An interesting rumor is claiming that Apple will update their Time Capsule at WWDC in conjunction with the announcement of iCloud. Specifically, it’s rumored that the new Time Capsule will act as a personal server for media to be stored on a specific iCloud account.

Apple’s Time Capsule currently acts as a wireless backup/router utility for Macs on a home network. After tomorrow’s keynote, a new version of the Time Capsule could allow you to archive and store files on iCloud for storage. The Time Capsule’s iCloud archives would be available for access on iOS devices…

Cult of Mac,

“According to the source, Apple has developed a system to make users’ Time Machine backups available through its new iCloud service.

This is the “Home Folder” access concept that we’ve detailed before (how it will be accessed using NFC iPhones and the role of the Mac App Store). All your files and data — pictures, videos, Word and Excel documents, and so on — will be available anytime, anywhere, on both Mac OS X and iOS devices.”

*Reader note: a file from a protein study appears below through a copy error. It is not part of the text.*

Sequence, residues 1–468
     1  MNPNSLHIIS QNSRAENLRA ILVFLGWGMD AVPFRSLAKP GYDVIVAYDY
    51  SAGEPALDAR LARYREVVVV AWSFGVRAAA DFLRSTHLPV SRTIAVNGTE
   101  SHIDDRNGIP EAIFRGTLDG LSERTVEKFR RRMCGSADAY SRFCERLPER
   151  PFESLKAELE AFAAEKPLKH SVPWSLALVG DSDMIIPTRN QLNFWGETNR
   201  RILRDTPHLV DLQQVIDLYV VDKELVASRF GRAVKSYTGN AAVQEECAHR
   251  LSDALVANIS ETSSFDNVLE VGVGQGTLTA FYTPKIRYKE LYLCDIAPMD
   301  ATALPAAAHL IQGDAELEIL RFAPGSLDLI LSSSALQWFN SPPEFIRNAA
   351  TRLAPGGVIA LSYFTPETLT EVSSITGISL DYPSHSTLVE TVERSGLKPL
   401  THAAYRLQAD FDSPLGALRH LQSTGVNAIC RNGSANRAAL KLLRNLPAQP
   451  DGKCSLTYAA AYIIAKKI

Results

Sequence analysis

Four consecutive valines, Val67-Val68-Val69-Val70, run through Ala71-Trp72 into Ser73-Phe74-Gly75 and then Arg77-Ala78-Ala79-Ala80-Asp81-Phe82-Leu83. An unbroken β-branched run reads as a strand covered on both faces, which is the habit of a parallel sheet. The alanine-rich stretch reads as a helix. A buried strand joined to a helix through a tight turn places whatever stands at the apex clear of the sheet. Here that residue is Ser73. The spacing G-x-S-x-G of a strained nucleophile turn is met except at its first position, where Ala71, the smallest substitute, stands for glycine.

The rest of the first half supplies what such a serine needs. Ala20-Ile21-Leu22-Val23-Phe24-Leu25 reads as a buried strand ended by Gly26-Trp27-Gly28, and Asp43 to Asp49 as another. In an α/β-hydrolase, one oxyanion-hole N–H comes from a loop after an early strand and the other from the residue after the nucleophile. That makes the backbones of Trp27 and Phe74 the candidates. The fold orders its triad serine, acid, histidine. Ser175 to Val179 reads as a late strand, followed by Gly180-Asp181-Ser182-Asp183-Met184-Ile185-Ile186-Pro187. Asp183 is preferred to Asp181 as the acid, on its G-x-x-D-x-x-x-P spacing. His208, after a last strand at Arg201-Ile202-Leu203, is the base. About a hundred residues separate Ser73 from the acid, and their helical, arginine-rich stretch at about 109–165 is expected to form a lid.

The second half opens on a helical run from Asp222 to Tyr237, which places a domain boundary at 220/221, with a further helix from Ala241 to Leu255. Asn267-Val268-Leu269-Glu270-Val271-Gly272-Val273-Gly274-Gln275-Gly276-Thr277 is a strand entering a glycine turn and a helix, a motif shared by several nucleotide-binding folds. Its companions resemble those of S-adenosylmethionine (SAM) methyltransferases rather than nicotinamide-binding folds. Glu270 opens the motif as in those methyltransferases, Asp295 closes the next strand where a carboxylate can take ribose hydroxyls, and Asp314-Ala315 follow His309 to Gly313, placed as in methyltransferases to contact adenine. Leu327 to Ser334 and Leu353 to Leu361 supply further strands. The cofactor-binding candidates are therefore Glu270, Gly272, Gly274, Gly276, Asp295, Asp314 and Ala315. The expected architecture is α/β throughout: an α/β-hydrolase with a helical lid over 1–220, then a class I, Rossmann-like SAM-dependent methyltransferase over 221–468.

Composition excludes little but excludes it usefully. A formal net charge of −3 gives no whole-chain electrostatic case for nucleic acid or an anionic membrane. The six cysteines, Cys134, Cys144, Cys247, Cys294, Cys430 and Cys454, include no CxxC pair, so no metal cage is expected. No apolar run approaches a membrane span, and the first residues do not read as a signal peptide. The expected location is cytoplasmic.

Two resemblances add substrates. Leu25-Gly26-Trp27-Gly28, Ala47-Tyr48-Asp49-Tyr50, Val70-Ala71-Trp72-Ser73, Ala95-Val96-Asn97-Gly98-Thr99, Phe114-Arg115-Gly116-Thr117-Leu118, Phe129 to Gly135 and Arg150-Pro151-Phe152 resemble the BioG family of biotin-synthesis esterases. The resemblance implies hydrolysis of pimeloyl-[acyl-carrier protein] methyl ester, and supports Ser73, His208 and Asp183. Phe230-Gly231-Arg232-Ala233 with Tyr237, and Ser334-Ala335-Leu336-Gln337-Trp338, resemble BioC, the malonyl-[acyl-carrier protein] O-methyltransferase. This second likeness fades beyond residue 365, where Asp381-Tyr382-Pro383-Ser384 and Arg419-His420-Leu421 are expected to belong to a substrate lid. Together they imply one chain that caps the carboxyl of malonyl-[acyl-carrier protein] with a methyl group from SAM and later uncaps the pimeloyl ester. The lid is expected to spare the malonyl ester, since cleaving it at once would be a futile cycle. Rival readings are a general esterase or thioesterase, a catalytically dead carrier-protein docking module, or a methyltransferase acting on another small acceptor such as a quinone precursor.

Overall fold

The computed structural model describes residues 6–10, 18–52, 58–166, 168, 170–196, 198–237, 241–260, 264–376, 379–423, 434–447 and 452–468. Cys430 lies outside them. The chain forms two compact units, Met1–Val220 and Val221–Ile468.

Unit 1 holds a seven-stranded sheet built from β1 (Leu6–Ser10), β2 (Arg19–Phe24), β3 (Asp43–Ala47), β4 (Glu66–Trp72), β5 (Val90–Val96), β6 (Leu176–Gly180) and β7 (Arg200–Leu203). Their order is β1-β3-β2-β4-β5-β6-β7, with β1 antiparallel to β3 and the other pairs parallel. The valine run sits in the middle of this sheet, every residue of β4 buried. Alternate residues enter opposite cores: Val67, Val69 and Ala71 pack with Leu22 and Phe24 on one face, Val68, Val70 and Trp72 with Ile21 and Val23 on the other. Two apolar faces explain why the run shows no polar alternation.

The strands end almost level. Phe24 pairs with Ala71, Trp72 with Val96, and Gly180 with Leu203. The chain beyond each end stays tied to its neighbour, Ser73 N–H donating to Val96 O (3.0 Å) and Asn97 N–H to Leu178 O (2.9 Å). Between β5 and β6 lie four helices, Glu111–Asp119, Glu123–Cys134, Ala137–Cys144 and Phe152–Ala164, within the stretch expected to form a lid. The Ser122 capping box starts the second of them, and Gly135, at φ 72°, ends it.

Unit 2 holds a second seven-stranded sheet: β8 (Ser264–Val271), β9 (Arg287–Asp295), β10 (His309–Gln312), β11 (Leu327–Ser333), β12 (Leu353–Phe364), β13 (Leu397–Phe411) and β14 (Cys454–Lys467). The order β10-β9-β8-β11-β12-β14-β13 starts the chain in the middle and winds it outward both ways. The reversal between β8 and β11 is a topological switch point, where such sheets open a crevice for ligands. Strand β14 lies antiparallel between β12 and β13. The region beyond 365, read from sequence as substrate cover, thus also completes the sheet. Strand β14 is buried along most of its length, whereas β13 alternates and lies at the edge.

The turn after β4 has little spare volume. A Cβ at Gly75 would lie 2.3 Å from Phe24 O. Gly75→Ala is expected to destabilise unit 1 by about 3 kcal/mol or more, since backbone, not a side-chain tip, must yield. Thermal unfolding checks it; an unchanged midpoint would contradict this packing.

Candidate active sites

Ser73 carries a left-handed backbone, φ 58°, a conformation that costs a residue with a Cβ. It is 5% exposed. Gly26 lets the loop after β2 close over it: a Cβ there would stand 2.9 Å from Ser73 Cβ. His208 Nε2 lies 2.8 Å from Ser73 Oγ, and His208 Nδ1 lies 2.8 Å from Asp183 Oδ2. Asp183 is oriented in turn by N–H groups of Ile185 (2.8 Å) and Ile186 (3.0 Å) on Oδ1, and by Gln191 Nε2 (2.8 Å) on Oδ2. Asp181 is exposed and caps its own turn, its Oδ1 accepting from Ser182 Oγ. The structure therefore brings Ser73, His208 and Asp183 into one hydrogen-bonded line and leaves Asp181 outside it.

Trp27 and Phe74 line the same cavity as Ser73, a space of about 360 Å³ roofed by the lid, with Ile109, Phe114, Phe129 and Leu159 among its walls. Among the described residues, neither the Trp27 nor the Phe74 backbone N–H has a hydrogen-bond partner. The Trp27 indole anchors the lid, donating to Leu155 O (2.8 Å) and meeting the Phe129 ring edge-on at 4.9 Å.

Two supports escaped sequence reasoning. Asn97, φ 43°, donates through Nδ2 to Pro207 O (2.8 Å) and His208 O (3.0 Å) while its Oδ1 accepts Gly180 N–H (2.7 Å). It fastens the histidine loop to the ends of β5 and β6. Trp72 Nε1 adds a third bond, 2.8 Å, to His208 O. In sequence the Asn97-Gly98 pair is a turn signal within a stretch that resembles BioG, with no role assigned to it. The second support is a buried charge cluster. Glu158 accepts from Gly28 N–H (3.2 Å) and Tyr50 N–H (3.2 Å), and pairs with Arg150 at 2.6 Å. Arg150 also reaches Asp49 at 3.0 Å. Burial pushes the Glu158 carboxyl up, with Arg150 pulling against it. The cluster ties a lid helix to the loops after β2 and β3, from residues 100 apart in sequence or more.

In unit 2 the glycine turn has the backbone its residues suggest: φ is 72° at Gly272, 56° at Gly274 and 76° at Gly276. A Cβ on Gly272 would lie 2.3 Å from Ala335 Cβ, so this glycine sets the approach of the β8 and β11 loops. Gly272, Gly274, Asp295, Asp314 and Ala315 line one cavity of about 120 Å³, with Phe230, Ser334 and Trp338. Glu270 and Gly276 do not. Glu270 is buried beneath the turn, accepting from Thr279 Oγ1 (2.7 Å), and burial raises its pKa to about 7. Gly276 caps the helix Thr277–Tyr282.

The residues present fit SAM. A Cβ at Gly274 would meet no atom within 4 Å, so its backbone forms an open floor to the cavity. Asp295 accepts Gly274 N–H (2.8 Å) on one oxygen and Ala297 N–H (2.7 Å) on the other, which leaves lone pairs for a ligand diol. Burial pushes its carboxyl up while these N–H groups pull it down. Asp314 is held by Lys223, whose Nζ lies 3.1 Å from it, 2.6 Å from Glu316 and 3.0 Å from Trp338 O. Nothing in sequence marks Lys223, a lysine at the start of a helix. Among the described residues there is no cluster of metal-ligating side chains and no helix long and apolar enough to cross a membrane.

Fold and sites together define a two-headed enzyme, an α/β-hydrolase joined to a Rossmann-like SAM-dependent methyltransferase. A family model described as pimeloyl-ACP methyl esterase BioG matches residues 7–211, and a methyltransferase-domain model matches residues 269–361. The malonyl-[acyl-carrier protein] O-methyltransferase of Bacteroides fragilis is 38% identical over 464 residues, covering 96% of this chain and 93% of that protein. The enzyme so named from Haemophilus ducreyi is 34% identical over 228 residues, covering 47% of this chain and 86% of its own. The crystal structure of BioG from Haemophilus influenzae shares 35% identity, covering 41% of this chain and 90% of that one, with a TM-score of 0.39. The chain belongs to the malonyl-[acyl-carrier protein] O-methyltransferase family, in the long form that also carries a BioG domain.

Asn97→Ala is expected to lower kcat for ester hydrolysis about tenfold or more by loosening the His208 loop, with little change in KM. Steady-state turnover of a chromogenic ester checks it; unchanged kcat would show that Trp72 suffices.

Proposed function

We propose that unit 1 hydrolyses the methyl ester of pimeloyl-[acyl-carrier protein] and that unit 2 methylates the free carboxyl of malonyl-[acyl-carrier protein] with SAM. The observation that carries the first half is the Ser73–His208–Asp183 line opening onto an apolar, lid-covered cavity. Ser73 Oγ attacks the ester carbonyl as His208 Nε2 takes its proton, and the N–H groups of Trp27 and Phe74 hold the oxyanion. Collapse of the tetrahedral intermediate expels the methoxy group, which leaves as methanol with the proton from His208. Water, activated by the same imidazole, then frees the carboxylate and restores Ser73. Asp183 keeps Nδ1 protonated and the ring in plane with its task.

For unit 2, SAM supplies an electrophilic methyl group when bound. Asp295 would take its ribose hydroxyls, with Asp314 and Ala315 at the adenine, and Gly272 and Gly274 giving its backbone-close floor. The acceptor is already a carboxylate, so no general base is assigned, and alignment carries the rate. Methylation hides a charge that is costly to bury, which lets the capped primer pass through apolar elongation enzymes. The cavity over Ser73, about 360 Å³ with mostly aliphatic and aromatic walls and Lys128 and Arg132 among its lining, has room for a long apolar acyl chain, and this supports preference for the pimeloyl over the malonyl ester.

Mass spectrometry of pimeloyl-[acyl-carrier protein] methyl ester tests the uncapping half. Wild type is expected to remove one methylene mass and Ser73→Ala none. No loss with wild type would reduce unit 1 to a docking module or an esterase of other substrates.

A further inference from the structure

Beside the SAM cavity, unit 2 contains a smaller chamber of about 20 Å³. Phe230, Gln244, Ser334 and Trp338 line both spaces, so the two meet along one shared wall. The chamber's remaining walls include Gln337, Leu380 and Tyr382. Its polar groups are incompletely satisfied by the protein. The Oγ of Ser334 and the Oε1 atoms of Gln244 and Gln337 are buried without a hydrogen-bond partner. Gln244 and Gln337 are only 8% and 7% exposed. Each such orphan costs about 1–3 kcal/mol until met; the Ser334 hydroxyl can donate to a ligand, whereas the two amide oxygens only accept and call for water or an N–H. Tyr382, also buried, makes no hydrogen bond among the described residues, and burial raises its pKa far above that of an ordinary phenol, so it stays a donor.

The general assumption was that iCloud would use Apple’s new data center in North Carolina for storing files, but this Time Capsule rumor points towards a more locally-stored solution.

“Our source didn’t have any information about the hardware, but detailed how the Home Folder access system works. Files saved on your computer are backed up instantly to Time Capsule, which makes them available to remote Macs and iOS devices.

If you make any changes on any computer, those changes are updated through iCloud and stored on your Time Capsule. The Time Capsule archives and serves up your files even when your computers are off. When you get home and fire up your desktop computer or laptop, the files are automatically synced across your devices.

This service will also allow you to upload photos and videos from your iPhone or iPad to your Time Capsule. The media will be stored on the device and be made available for other devices to sync. iCloud is the “conduit” through which everything moves, the source said.”

This whole process sounds a lot like Dropbox, but it will be interesting to see what spin Apple puts on their upcoming cloud-sync technology.

I’m not sure how I feel about the possibility of needing to buy a new Time Capsule to get the most out of iCloud. It doesn’t seem like Apple would require more hardware to be bought for a cloud-based service.

What do you think? Would you be willing to buy a Time Capsule for an enhanced iCould experience?